Tuesday, October 24, 2006

A House of Prayer for All Nations

The church I attended as a teenager was a sharp contrast to the city that surrounded it. Miami in the 70’s was a mix of African-Americans, Haitians, Cubans, Jews, Anglos and other groups that usually kept to themselves and were often at odds. That was what the world looked like. My church was different.

Although we were small, we represented a cross section of the transitional neighborhood we worshipped in. Smiling faces of different shades sang of the love of Jesus in a mixture of accents. When we hosted a Haitian group that was starting a new church we became bilingual. During the week English as a second language was taught to recent immigrants seeking to improve their lives.

It was much later that I learned that the church could be as racially and ethnically divided as the world. Nevertheless, the local church is God’s answer to racial and ethnic strife. It should be an agent of healing and an example to the world. After all wasn’t the church born in the multicultural milieu of Jerusalem where God-fearing Jews of many nations heard Peter’s message each in his own native language (Acts 2)? Didn’t Jesus pray for the unity of all believers (John 17:20-23)?

Unity is not easily achieved even when people share the same language and culture. Sometimes, churches share a building but not ministries. This was the case in one church I served where Korean and Filipino congregations also met. There was bickering between groups, misunderstandings and prejudice on all sides. Eventually the two language groups moved on.

The economic reasons for multicongregational churches are obvious but the spiritual reasons are more important.

The people of God are not to be barrier builders, but barrier breakers through Jesus who makes us one (Eph. 2:14-15, 19). In the face of negative church perceptions, a multicultural church can serve as a gracious apologetic to the unbelieving world.

The multicultural church prepares us for a picture of eternity. “After this I looked and there before me was a great multitude that no one could count, from every nation, tribe, people and language, standing before the throne and in front of the Lamb.” Revelation 7:9 NIV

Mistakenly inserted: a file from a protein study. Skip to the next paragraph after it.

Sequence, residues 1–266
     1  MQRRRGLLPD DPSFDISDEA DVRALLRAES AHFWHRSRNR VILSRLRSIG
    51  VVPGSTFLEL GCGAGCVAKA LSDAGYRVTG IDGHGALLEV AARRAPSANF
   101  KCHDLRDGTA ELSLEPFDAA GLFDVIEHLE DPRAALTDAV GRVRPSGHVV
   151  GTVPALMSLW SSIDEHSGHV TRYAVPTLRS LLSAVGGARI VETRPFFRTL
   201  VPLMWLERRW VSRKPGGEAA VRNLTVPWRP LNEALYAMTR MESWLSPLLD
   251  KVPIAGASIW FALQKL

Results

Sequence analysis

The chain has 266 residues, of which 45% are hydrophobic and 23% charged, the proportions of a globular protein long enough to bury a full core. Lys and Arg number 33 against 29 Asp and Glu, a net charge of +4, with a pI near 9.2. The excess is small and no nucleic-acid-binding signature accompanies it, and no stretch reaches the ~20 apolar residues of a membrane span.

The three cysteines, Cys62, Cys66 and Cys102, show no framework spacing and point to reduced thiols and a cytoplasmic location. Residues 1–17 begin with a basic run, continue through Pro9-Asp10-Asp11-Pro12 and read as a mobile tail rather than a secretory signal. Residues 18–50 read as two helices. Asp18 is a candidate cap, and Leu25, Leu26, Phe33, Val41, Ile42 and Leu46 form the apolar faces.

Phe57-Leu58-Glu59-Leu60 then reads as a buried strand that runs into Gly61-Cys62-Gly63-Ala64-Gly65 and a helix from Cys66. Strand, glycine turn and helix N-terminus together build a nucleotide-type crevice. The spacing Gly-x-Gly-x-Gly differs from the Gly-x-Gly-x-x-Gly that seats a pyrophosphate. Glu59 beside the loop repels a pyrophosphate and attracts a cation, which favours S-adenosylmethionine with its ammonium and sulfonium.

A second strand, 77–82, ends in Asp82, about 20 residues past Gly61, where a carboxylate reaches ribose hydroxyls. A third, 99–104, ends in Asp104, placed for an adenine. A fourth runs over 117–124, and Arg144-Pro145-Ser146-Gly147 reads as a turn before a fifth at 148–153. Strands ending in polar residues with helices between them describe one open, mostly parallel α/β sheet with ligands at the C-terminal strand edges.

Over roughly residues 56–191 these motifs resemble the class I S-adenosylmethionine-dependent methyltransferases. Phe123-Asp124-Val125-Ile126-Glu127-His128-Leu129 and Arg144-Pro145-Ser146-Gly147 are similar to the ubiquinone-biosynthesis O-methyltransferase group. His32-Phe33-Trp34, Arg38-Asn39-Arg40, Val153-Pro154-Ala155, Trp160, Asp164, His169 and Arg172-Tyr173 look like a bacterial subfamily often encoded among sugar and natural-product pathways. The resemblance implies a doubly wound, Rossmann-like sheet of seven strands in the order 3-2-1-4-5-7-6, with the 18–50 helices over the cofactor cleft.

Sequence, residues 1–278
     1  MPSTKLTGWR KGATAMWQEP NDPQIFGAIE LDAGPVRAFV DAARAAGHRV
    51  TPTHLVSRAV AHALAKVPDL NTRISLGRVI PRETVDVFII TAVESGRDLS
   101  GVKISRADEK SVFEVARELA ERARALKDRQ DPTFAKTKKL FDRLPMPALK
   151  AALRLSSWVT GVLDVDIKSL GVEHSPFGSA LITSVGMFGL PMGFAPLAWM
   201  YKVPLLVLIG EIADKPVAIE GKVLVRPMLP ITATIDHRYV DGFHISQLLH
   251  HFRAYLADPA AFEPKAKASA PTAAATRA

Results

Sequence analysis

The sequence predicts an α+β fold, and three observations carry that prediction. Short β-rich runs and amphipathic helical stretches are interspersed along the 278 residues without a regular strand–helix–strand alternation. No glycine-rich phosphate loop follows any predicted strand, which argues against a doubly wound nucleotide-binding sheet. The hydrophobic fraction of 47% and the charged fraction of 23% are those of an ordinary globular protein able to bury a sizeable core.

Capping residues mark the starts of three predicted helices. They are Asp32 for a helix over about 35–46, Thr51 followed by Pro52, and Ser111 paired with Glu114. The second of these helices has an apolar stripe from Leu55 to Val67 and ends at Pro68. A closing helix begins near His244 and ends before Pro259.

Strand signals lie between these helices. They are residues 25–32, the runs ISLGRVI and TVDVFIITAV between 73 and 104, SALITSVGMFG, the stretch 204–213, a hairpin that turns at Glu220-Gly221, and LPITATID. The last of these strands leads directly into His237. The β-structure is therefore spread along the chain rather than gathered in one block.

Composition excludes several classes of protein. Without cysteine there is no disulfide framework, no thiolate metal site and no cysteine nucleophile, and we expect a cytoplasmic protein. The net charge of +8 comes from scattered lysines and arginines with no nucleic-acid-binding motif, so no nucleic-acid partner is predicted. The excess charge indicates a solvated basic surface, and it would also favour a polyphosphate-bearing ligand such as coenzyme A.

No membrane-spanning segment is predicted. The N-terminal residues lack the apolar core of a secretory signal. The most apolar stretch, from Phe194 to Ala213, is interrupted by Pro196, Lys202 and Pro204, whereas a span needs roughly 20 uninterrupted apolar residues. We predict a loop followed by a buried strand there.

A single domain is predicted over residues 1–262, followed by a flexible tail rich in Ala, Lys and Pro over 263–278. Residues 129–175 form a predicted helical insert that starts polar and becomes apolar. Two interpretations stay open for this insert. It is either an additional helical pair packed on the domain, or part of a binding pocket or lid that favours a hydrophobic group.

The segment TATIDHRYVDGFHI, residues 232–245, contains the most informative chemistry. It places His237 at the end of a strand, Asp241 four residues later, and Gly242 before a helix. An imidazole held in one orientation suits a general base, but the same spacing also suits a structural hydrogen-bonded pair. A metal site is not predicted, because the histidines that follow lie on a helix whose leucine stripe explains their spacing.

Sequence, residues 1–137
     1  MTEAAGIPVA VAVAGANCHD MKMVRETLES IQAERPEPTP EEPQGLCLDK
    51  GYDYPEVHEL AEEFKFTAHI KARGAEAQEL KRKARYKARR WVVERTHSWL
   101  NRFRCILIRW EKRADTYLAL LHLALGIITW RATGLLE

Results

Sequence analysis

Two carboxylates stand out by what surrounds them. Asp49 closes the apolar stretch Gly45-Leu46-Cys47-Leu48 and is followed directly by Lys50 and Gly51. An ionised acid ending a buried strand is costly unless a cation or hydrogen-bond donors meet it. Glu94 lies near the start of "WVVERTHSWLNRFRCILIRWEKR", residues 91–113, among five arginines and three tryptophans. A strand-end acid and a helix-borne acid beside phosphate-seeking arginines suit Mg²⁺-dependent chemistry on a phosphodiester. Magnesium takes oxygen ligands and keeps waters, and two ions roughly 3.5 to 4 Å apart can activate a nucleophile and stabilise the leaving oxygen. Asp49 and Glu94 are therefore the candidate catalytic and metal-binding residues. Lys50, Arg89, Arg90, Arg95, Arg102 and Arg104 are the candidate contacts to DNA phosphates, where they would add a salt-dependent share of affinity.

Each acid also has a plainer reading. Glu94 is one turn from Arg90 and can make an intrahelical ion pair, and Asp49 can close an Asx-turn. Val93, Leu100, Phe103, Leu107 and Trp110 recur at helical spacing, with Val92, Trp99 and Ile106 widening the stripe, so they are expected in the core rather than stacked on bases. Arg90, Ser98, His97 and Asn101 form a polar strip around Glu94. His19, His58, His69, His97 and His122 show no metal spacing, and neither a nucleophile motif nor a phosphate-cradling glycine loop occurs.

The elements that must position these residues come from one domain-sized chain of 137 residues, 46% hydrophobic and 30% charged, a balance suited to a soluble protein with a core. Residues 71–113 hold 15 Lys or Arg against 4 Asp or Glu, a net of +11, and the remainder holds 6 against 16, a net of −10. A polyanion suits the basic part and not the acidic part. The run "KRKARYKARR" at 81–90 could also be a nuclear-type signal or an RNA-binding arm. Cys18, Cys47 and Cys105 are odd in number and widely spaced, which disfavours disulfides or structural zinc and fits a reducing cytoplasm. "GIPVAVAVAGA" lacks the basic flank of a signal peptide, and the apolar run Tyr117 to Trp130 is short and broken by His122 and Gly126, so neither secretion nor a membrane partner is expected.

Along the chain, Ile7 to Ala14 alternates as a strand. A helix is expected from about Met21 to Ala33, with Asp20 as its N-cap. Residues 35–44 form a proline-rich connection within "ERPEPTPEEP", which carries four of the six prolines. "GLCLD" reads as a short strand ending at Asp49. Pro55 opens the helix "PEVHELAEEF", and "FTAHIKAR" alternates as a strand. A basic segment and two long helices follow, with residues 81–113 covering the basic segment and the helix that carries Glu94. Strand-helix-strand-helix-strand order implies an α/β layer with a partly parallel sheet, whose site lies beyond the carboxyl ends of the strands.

While we cannot ignore the cultural heritage of those who we are trying to reach we must heed God’s call to unity. Two major barriers are that people who speak different languages also tend to have differing worldviews and every cultural group tends to consider itself superior to others.

Christians from different cultures can work together if the spiritual needs of people take precedence over cultural differences and the Bible is viewed as superior to cultural differences. One other factor must be that the building and grounds must be viewed as owned by God; a place for worship and ministry to people, rather than an economic investment.

This was the case in New Orleans where I was called to start a Spanish language church. Although we were very small, we felt a call to start an English-language mission to share our building. The two groups worshipped in different languages but we were united during the week with children and youth ministries and a variety of events. Our children’s ministries led to an apartment ministry among African-Americans.

My fondest memories of that church revolve around Christmas Eve, when we shared a meal and some bilingual caroling. It was fun to watch the faces of the Anglos as the roast pig was brought in, whole, with the head attached. One year the joke was on me as I bit into a Nicaraguan meat pastry and found a very hot pepper.

I can already envision Grace Chapel with multiple services, multiple languages and a church open every day reaching out to EVERYONE in the community. It won’t be easy but it certainly will be worthwhile.

Sunday, October 15, 2006

Gimmicks and church growth

I recently received an email asking if I’d like to see my church double in 100 days. Who wouldn’t? The email was, of course, an ad for the latest gimmick that will bring church growth.